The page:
Among the nearly 26 million Americans with diabetes, approximately half have not achieved an American Association of Clinical Endocrinologists (AACE)-recommended A1C goal of 6.5% or less. To address this issue, AACE and the American College of Endocrinology developed the Blood Sugar Basics: Get to Your Goals program. The program consists of an array of customizable tools and resources—available online and as hard copy materials—to encourage and empower patients with type 2 diabetes to know the importance of their A1C and work with their healthcare providers to set and achieve individualized blood sugar goals.

A Helpful Resource

Diabetes and its management can seem complex and overwhelming to patients, particularly for the newly diagnosed. “Patients need to understand that diabetes is a serious disease,” says Etie Moghissi, MD, FACP, FACE, the physician advisor for the Blood Sugar Basics program. “However, it’s important that they know that diabetes can be managed effectively when they’re engaged in their care.” To that end, the program—through its online home at—provides downloadable checklists, tips for everyday management, videos, questions for patients to ask their providers, a quiz to test patients’ A1C knowledge, and more. In-depth information is provided on the importance of diet, exercise, medication (if prescribed), and monitoring and preventing symptoms. The resource also informs patients on hypoglycemia and how to avoid it.


The resources fall under three overarching missions:

1. Gather intelligence. “The program provides recommendations for controlling A1C and setting specific goals so that patients can have informed discussions with their providers,” explains Dr. Moghissi.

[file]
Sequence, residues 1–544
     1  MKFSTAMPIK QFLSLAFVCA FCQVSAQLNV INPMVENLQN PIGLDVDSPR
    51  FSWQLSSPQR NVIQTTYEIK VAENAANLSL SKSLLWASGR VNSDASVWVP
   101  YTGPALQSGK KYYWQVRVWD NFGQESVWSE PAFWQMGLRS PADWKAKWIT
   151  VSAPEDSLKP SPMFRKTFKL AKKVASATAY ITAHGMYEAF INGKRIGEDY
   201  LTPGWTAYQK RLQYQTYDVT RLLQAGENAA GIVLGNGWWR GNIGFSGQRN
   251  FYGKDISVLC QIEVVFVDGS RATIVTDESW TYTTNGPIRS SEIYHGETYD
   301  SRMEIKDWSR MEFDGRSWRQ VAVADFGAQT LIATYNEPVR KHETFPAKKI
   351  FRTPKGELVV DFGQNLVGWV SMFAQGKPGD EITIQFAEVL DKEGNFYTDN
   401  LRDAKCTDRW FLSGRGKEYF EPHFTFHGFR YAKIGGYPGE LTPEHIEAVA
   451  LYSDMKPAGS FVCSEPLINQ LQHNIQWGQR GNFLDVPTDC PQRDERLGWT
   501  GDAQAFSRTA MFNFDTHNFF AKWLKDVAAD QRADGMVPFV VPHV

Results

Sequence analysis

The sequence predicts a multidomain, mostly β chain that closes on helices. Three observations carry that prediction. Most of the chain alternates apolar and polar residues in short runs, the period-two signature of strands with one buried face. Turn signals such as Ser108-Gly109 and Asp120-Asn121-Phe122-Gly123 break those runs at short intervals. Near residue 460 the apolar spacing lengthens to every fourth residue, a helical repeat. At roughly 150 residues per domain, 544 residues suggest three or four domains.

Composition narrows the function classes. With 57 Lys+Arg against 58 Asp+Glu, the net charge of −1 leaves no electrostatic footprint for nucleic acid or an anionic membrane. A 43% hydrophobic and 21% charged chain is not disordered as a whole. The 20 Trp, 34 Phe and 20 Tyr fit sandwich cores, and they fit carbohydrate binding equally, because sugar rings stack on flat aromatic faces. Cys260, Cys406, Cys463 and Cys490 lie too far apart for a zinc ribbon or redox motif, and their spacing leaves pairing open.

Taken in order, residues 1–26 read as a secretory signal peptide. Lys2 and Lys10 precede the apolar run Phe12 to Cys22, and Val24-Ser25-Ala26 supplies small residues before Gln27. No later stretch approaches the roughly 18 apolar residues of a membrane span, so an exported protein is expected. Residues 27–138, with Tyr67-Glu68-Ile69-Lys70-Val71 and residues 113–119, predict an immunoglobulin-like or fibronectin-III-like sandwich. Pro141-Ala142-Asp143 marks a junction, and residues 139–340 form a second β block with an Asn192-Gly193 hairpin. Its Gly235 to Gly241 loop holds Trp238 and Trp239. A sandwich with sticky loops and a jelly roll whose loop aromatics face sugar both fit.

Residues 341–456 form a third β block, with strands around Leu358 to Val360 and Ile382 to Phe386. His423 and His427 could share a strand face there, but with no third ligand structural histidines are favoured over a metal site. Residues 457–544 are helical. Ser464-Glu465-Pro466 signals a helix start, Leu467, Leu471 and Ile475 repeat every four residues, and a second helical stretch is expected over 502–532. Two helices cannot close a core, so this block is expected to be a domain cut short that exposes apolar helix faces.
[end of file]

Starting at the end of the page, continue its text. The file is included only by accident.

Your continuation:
2. Finalize a strategy. “Patients should know how to achieve their A1C goals with lifestyle changes and by taking medications as prescribed,” Dr. Moghissi adds.

3. Regroup. Diabetes is a progressive disease that requires periodic reassessment to ensure that patients stay on track, says Dr. Moghissi. “If patients have not achieved their goals, it’s important to find out the reasons why,” she says. “In addition, patients should understand that not meeting their goal doesn’t mean they didn’t try hard enough. Patients can be empowered if they’re educated that medication adjustments are commonly needed to achieve long-term glycemic control.”

Collaboration Is Key

Dr. Moghissi stresses the importance of patients and providers working as a team to assess and achieve blood sugar goals and notes that the resources available through the Blood Sugar Basics website can help. “There are many reputable websites with diabetes information, but there is also a lot of misinformation,” she notes. “This program was produced by reputable organizations, including AACE—the world’s largest medical society dedicated to clinical endocrinology—and provides accurate, reliable information that can be trusted.”


Blood Sugar Basics: Get to Your Goals. Available at:

Greenwood D, Hankins A, Parise C, et al. A comparison of in-person, telephone, and secure messaging for type 2 diabetes self-management support. Diabetes Educ. 2014, April 17. [Epub ahead of print]. Available at

Sayah A, Majumdar S, Williams B, et al. Health literacy and health outcomes in diabetes: a systematic review. J Gen Intern Med. 2013;28:444-452.

White R. Patient empowerment and optimal glycemic control. Curr Med Res Opin. 2012;28:979-989.

Lehmann E, Dewolf D, Novotny C, et al. Dynamic interactive educational diabetes simulations using the World Wide Web: an experience of more than 15 years with AIDA online. Int J Endocrinol. 2014;2014:692893.